"It's an illusion to believe himself active in the story. Does he think he's changing something, watching news programmes, or lying on his back on the sofa on Sunday afternoon, reading more opinion columns of ungrounded certainties, more long articles about what really lies behind this or that development, or what is surely going to happen next, predictions forgotten as soon as they are read, well before events disprove them?"[13]

Physically, Perowne is neither above nor outside the fray but at an angle to it; emotionally his own intelligence makes him apathetic, he can see both sides of the argument, and his beliefs are characterised by a series of hard choices rather than sure certainties.[5][14]

He is concerned for the fate of Iraqis; through his friendship with an exiled Iraqi professor he learned of the totalitarian side of Saddam Hussein's rule, but also takes seriously his children's concerns about the war. He often plays devil's advocate, being dovish with this American friend, and hawkish with his daughter.[12]


McEwan establishes Perowne as anchored in the real world.[5][15] Perowne expresses a distaste for some modern literature, puzzled by, even disdaining magical realism:

"What were these authors of reputation doing – grown men and women of the twentieth century – granting supernatural powers to their characters?" Perowne earnestly tried to appreciate fiction, under instruction from his daughter he read both Anna Karenina and Madame Bovary, but could not accept their artificiality, even though they dwelt on detail and ordinariness.[11]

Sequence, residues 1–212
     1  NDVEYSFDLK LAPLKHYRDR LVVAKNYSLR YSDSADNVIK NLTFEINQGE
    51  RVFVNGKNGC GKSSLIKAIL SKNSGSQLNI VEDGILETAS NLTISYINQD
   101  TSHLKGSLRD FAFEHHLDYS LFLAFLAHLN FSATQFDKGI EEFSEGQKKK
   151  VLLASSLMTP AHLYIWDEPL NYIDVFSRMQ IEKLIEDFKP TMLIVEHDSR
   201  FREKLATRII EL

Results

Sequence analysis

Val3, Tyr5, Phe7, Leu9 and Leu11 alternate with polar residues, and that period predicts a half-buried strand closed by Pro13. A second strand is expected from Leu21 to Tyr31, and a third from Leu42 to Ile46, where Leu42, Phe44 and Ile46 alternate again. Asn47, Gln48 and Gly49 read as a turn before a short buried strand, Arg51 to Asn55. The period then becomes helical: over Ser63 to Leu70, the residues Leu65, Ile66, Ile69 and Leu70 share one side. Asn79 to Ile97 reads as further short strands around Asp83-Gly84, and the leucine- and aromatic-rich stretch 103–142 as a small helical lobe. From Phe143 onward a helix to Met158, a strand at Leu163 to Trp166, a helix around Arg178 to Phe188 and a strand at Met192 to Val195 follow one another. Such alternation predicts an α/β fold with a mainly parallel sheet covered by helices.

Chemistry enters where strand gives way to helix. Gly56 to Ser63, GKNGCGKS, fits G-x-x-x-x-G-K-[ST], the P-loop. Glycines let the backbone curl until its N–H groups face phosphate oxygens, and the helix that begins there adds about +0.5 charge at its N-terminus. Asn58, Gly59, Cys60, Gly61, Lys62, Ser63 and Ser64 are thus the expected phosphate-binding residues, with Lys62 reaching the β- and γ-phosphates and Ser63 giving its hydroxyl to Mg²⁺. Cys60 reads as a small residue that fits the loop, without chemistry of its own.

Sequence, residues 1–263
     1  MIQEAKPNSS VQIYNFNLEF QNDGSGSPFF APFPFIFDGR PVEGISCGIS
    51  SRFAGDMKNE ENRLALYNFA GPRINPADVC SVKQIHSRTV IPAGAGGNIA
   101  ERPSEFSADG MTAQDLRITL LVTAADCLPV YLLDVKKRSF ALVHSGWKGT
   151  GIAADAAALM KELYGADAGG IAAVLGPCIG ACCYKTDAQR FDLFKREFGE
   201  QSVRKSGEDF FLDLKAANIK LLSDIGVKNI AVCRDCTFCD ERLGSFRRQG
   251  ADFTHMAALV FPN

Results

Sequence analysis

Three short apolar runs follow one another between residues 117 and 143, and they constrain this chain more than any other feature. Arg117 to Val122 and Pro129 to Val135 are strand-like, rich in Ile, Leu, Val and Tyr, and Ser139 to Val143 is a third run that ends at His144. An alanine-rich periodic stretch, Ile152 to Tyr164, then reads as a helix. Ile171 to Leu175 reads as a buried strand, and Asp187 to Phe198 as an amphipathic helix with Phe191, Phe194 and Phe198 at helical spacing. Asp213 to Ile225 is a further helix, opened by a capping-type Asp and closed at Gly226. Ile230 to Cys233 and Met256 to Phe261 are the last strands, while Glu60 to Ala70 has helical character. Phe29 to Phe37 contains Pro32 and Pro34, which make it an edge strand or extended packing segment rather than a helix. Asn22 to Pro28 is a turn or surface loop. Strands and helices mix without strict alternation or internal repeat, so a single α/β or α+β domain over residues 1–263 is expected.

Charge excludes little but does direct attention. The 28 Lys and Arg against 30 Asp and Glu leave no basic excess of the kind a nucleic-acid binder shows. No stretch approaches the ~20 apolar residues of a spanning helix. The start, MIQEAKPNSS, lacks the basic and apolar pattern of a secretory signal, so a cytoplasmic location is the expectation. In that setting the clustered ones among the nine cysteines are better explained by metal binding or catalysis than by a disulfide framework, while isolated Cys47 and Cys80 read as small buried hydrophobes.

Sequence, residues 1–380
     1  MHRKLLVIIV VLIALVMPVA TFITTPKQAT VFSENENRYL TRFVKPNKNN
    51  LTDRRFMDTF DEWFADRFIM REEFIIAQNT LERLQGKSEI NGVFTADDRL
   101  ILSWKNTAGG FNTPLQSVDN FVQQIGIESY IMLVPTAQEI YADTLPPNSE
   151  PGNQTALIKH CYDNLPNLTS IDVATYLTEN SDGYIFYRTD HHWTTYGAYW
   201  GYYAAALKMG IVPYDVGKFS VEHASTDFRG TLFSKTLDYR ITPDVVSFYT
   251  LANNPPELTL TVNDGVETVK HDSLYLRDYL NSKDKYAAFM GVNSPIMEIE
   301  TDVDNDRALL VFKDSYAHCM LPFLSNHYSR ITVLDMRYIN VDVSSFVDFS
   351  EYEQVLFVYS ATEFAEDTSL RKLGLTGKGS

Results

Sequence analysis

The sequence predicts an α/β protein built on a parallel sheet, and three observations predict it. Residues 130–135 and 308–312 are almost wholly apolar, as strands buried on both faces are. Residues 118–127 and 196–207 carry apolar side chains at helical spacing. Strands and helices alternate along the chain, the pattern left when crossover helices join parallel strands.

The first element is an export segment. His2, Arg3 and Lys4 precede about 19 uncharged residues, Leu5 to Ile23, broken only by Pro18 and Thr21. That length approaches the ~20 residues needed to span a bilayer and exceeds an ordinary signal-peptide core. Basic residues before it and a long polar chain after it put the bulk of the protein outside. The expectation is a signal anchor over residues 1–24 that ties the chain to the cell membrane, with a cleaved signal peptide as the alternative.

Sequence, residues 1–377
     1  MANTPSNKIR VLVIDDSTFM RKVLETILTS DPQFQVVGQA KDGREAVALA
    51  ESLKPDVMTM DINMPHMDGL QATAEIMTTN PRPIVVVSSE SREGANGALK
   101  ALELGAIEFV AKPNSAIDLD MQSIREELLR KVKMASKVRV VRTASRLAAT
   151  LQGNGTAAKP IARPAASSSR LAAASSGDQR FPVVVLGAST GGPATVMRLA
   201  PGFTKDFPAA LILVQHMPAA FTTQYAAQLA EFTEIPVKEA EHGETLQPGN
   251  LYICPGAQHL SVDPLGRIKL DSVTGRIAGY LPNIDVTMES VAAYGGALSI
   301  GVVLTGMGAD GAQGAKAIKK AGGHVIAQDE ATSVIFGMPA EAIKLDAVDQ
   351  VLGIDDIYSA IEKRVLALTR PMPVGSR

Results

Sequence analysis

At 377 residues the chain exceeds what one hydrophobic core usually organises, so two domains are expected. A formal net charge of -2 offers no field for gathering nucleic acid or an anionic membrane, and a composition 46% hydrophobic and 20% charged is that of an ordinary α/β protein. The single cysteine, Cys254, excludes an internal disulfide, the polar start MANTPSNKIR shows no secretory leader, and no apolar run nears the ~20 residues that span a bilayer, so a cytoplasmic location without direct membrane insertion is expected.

Perowne's dismissive attitude towards literature is directly contrasted with his scientific world-view in his struggle to comprehend the modern world.[11] Perowne explicitly ponders this question, "The times are strange enough. Why make things up?".[11]

Perowne's world view is rebutted by his daughter, Daisy, a young poet. In the book's climax in chapter four, while he struggles to remain calm offering medical solutions to Baxter's illness, she quotes Matthew Arnold's poem Dover Beach, which calls for civilised values in the world, temporarily placating the assailant's violent mood.[3] McEwan described his intention as wanting to "play with this idea, whether we need stories".[16] Brian Bethune interpreted McEwan's approach to Perowne as "mercilessly [mocking] his own protagonist...But Perowne's blind spot [literature] is less an author's little joke than a plea for the saving grace of literature."[15]

Similarly he is irreligious, his work making him aware of the fragility of life and consciousness's reliance on the functioning brain.[11] His morality is nuanced, weighing both sides of an issue. When leaving the confrontation with Baxter, he questions his use of his medical knowledge, even though it was in self-defense, and with genuine Hippocratic feeling. While shopping for his fish supper, he cites scientific research that shows greater consciousness in fish, and wonders whether he should stop eating them.[11] An Iraqi professor he treated has told him of the brutality of Saddam Hussein's rule, but also takes seriously his children's concerns about the war.